The other day the pick-up here, drop-off there routine was upset by an important and unmovable meeting happening very soon after drop-off time. I figured, if I got my son to move reasonably fast – which is like willing a copy machine into copying faster – cut the chit-chat at drop-off, and hit all the traffic lights just right I might be able to make it with three minutes to spare.

The daily drop-off ritual, pic: © Steven Pepple | Dreamstime.com

Great plan, but as always in such cases, this turned out to be the one day where the teacher wanted to speak to me because of some incident involving my child (for once he was hit by someone accidentally and didn’t do the accidental hitting himself – relief) and so we were running terribly late. Ruthless mother that I am I thought up the following obnoxious plan: “Boy” I said “I am going to drop you off right where we always park. You my big, smart boy walk the ten steps to the door, open it, and run in – all by yourself.”

“Yeah, a real drop-off” my big, smart and increasingly independent boy said and couldn’t wait to get out of the car without mom in tow.

Boy, did I get in trouble for this in the evening when I picked him up. Turns out everybody under the age of 12 needs to be signed in by a parent else the school gets fined. 12?? Sign-in?? Please! My mom had to take care of her baby sister at the age of 11 and I – who was way less responsible than that – worked in restaurant kitchens for pocket money at 12.

I can see that you wouldn’t abandon a three-year old in the parking lot and leave him to wonder around and eventually end up in some neighbor’s front yard. But a six-year old? Come on, on the one hand we expect them to say, understand, and believe sentences like “it really hurts my feelings if you say unfriendly things to me and I wish you would make wiser choices” but then they can’t walk 10 steps, open a door and sign themselves in – once in a very big while, when mom is running late and is still waiting in the car to see whether those 10 steps are taken, the door is opened, and the kid disappears safely behind it.

In an attempt to avoid any even the remotest of risks from our children’s life I am afraid we will turn them into adolescents who will need mom’s help well into their 30s.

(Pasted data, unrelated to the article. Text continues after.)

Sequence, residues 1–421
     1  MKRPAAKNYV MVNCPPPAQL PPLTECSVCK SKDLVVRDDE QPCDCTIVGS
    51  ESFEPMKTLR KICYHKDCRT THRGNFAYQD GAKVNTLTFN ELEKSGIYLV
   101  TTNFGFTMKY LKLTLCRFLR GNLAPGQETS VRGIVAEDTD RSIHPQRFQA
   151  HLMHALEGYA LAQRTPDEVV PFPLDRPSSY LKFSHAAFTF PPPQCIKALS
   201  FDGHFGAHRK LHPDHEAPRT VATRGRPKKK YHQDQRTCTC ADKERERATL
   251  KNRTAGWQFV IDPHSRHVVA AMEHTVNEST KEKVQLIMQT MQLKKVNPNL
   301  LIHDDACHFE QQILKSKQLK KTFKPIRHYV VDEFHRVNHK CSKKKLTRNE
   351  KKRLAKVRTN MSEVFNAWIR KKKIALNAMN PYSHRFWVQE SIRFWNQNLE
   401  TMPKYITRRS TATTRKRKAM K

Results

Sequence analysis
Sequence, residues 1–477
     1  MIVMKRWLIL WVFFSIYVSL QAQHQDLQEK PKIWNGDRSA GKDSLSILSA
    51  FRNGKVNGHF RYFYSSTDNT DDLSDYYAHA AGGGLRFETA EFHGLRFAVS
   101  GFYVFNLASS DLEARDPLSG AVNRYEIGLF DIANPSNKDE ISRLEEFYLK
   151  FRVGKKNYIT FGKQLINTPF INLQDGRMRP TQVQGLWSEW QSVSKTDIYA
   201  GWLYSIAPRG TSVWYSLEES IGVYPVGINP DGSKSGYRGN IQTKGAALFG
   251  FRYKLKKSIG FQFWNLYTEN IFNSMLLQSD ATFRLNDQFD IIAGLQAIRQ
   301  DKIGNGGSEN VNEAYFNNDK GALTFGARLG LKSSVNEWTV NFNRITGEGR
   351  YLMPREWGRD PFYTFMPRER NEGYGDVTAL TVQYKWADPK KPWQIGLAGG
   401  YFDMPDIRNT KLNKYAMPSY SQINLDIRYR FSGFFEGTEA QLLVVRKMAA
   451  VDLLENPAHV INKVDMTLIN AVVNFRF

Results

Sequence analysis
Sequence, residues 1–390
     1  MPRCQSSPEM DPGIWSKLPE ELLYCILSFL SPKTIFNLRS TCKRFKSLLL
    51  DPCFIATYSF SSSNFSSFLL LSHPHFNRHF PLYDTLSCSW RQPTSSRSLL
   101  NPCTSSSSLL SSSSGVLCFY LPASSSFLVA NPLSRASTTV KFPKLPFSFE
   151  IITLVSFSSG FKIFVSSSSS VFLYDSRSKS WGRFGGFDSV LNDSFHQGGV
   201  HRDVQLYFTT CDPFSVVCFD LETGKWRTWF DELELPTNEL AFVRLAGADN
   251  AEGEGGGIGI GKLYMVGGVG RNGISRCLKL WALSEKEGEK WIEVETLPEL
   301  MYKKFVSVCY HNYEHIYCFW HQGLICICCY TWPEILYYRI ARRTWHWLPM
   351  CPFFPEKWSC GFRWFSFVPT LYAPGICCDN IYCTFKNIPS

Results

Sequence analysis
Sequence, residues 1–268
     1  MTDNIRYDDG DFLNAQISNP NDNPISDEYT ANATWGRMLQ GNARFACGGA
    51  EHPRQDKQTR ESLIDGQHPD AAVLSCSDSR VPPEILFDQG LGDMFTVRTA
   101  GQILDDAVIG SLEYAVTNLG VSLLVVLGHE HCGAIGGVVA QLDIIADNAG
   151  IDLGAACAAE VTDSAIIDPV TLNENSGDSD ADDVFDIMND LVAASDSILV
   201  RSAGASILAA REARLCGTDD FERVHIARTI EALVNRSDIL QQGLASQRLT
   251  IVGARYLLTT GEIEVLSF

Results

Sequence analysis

December 13, 2010

Bubbleboy and violence

For something like this my boy would be thrown out of school, pic: http://www.tenderbabycare.com

Once a year we go visit Grandma and Grandpa in Europe. Grandpa likes to tell his grandson stories about the olden days when he was a little boy. Most begin with Grandpa being beaten up by a group of older kids and then going out, getting his buddies together and taking revenge in a very direct and non-subtle way. Most end with Grandpa coming home to his mom, all beaten up, cloths torn, and getting a serious beating from her for ruining his outfit.

Are those lovely, educational stories that I embrace whole-heartedly? Nah, not really.   But then, it all happened (more or less) like that, such were the days back then.

So, until junior entered the school system I would sit there and listen and asked my father to not encourage play-ground shuffles with shouts of ” hit him back hard! Grandpa will show you !”

These days I sit first mortified and then freaked-out at such speech. I kick my father frantically under the table at any suggestion that hitting back might ever be the appropriate way of dealing with any situation.

Disclaimer (again): I don’t like violence any more than the next gal. I do believe that conflicts are best solved with words and that smacking somebody in the face rarely solves any problems. However, and here it comes, I also believe that little boys – testosterone-driven little monsters they can be – once in a while need to be able to shuffle a bit, measure their strength and not just hone their ability to debate. That’s what debate club is for later in life.

We had it under control, more or less, until this happened:

My boy, testosterone-driven little monster that he can be, is by and large pretty good. So when the teacher asked me into the classroom one day to discuss something I wasn’t too worried. She proceeded to tell me that he had said the following sentence to a fellow classmate “I am gonna kick you in the face”.

Two reactions, the first was pride, he said it, didn’t do it and he could have. He trains martial arts three times a week and is really good at it; he could probably knock the daylight out of any of his classmates without even thinking about it. Good boy, didn’t do it. Used his words.